In the Bundestag, the heads of the two people’s parties have now for the first time made much sharper statements towards Moscow. The Kremlin must have listened carefully. A commentary by Georg Anastasiadis.
Munich – There has been a favorite phrase in German foreign policy, and not just since Trump. It reads: Germany must take on more responsibility. Not much followed from the fine words, but the Berlin oaths have never sounded as hollow as they do now in the Ukraine crisis, for which the new chancellor feels dangerously incompetent. A European partner country is threatened with war, but the head of the most important EU country couldn’t think of much more than the hint that the Baltic Sea pipeline is a private-sector project. The same world newspapers look on in amazement Economist to New York Times, which Germany has so far celebrated as the torchbearer of freedom and democracy, to the new federal government.
And yet, those who listened carefully heard a new tone in the Bundestag at the end of this week. For the SPD and the once again silent chancellor, it was not the Putin sympathizers, Mützenich, Kühnert or Stegner, who spoke, but party leader Klingbeil, who blamed the Kremlin for the escalation with unprecedented clarity. The Union, which has long wavered between appeasement and loyalty to the alliance, seems to have recognized the seriousness of the situation: CSU boss Söder, who is pushing for the release of the Baltic Sea pipeline, no longer speaks for them. Instead, the new opposition leader Merz, who is now threatening to exclude Russia from the international payment system, should give Moscow the order to invade.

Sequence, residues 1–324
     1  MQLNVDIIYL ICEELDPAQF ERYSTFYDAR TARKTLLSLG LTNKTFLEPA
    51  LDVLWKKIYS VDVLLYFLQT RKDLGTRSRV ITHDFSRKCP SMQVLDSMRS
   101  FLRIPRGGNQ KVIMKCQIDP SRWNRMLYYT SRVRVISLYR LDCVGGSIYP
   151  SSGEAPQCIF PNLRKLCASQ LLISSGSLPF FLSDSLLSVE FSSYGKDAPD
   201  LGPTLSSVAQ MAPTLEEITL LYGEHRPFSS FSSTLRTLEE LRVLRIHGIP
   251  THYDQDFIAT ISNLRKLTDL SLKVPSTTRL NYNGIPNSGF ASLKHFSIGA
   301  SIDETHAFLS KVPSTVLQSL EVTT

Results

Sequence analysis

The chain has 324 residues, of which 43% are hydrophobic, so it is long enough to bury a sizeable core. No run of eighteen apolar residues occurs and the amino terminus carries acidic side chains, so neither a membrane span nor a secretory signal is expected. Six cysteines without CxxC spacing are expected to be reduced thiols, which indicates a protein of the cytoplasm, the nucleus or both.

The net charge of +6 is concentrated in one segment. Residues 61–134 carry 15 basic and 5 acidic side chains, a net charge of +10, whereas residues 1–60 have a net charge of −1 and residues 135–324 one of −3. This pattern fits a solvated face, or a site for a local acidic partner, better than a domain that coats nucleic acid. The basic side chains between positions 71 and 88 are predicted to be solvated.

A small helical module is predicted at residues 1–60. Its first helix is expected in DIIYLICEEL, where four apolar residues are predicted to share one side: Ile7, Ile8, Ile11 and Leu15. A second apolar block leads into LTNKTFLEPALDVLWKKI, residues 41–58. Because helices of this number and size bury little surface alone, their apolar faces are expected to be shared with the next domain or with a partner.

Ukraine crisis: Growing domestic and foreign policy pressure on the traffic light is having an effect
The pipeline, the Swift international payment system – everything that could hurt Putin is now back on the table in Ukraine poker. The growing domestic and foreign political pressure on the traffic light is having an effect. Putin’s first plan of attack, aimed at uniting the West, initially seems to have been fended off. In the Kremlin, this will be carefully noted. After all, Moscow has been making enormous efforts for years to shape the German public in its interest, in order to free the country from its North Atlantic anchoring and drive the United States out of Europe. This is good news for Ukrainians and everyone hoping that a new destructive war will not break out in Europe.
A commentary by Georg Anastasiadis